Twenty Years at Hull-House, by Jane Addams

Twenty Years at Hull-House is an autobiographical account of 20 years of outreach work, from 1889 to 1909, in Chicago's poorest areas. Jane Addams was from a well-to-do family and financially independent, but she chose to live in the slums of Chicago and dedicate her life to charitable works.

Oddly enough, she doesn't really seem to conceive of her efforts as charity. Hull House, the institution she founded, is part of the 'Settlement movement', in which college educated people moved into poor neighborhoods in an effort to encourage social intercourse between the classes. Nonetheless Hull-House was responsible for a great deal of improvement in the neighborhood, politically and in every other way.

There is vivid description here of the desperate poverty, filth, and disease that immigrants lived in. It was oddly cheering - though sometimes it feels like the US is going down the crapper today, really, things are much better now than they used to be. We have decent labor laws and public sanitation and public education and a high literacy rate and all sorts of good stuff.

Much of the book is dedicated to explaining the theory behind her work and to pathetic examples of suffering. I got the feeling that the among the greatest struggles she faced was that of convincing people that such work was actually necessary, and that poverty was not deserved for one reason or another.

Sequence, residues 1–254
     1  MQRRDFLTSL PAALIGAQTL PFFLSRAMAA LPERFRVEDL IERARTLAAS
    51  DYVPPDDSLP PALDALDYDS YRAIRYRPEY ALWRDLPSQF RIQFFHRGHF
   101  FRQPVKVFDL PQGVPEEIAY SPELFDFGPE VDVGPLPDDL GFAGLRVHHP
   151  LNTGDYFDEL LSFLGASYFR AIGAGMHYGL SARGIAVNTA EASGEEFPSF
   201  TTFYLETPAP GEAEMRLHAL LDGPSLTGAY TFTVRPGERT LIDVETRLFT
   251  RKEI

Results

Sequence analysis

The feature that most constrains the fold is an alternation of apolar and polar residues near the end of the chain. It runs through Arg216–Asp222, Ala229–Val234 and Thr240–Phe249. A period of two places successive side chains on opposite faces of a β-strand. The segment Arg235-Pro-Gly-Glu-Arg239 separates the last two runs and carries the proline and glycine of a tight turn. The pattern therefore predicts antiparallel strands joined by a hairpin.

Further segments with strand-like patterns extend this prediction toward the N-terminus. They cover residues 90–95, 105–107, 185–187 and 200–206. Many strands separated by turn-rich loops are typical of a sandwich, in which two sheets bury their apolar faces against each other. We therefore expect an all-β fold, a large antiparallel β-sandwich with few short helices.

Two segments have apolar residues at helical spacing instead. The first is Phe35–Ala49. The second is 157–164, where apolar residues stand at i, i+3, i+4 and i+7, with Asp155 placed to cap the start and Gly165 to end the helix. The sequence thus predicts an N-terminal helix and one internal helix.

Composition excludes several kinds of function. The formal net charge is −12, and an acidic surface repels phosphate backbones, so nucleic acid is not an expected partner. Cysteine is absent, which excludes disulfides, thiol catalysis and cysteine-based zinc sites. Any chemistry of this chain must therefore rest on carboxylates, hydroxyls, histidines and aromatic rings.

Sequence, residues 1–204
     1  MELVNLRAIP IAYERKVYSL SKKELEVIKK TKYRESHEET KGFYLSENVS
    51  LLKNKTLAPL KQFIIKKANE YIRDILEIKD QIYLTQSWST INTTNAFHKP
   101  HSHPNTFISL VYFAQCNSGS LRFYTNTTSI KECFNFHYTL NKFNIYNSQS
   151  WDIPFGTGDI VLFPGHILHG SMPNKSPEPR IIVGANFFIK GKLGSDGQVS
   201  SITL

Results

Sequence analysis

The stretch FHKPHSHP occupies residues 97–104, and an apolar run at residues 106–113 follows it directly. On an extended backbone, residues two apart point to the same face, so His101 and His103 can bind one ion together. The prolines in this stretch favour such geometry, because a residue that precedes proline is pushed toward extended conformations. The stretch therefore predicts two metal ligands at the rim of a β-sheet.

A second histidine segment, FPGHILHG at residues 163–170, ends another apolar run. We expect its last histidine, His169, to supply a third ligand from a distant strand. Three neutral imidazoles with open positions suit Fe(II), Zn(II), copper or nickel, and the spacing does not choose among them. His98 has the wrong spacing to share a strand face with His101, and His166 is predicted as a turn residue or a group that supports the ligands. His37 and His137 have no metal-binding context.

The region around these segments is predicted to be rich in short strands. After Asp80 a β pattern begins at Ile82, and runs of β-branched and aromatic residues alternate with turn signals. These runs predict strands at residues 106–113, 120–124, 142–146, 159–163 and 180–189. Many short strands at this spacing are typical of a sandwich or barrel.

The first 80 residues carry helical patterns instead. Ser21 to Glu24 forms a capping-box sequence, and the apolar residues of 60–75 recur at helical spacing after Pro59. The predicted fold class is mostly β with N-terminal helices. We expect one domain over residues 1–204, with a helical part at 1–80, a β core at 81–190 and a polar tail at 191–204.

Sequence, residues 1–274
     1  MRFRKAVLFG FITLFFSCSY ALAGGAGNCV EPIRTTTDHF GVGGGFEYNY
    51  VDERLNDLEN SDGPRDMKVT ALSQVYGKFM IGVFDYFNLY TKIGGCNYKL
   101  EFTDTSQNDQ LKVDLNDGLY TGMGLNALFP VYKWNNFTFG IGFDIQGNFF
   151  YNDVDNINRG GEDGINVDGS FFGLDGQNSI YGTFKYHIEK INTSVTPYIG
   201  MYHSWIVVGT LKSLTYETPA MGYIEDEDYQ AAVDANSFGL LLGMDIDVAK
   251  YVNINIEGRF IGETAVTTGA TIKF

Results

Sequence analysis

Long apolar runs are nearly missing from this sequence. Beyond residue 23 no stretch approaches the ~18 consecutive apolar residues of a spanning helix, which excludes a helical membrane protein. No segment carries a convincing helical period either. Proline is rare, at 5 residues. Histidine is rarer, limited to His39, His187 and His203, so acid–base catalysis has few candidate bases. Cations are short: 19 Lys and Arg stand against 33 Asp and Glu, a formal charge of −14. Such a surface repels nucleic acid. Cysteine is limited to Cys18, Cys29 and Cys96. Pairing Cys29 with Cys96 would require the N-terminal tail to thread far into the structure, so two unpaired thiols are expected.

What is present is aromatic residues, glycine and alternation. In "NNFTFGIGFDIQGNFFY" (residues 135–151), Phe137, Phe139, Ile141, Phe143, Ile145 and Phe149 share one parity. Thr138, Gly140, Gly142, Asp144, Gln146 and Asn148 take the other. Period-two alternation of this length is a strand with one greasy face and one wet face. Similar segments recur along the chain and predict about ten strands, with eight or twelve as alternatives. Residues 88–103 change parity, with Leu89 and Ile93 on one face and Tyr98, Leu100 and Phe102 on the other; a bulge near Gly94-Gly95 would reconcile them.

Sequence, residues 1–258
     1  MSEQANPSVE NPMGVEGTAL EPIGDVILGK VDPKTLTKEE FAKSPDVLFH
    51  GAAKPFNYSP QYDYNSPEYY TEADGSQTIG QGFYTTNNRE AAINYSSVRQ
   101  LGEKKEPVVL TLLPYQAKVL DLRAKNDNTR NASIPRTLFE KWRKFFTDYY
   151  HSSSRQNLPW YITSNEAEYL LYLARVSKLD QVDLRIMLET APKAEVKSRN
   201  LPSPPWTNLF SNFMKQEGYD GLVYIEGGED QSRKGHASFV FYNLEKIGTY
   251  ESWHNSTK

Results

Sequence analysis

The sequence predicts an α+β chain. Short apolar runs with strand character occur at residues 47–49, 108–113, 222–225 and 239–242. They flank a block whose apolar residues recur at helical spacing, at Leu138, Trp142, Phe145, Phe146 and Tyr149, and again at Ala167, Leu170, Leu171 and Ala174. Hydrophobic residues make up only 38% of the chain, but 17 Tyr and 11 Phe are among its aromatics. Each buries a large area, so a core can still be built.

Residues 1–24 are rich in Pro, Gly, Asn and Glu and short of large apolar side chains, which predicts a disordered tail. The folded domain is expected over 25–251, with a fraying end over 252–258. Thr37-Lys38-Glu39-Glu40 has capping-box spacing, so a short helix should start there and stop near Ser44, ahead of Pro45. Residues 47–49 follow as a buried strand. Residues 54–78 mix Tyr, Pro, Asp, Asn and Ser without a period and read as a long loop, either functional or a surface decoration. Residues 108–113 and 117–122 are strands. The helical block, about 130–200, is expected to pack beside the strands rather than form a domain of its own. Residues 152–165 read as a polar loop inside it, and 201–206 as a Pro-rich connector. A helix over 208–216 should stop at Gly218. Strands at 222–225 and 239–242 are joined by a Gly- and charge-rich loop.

I was quite surprised when I reached the part where, during a visit to Europe, she visits Tolstoy in Russia. Little did I know that the author of War and Peace was something of a revolutionary, with anarchistic and socialist ideas. Tolstoy, I have since discovered, was the direct inspiration for Gandhi's philosophy of non-violent resistance. He worked alongside his workers in the fields, ate what they are, and asked some of his family members to do the same. His theory (as reported by Ms. Addams) was that if everyone would do the physical work which was required to sustain himself daily, the world's problems would be solved.

Jane Addams received the Nobel Peace Prize later in life for her anti-war efforts and from reading this slim and modest account of her works I think it was well deserved. There are really too many complex subjects covered for me to do them justice. Highly recommend.

Tarzan of the Apes, by Edgar Rice Burroughs

The Tarzan story has spawned so many spin-offs that it's not surprising the original story is on the list of great books. I was eager to read the original.

Burroughs does escapist literature well, and this is the best kind of escapism. Tarzan is the hunkiest of heroes, described over and over again as exceedingly handsome, muscular, a giant, and as having a perfect body - the ideal physical form. Burroughs' florid language recalls a romance novel at times (Tarzan 'smothered [Jane's] upturned, panting lips with kisses) and the physical conflicts are described in language equally as vivid.

The setting is the primoridal rain forest of the coast of Africa (populated with ecologically inaccurate wild beasts such as lions and elephants for Tarzan to do battle with) and Tarzan, a primeval Adam, masters them all. Tarzan's descent from 'good stock' - English noblemen - overcomes his upbringing by the wild 'anthropoids' to instill an innate nobility of spirit and chivalry and to give him the intelligence to construct tools to master his enemies. He becomes the king of his tribe of apes, killing his 'step-father' and the brutal Kerchak, befriends the elephant and blithely wrestles lions. The tools he uses in these fights are the gifts of his heritage - the knife his father used and he rediscovered, and a wrestling hold - the half-Nelson - that he rediscovers by accident.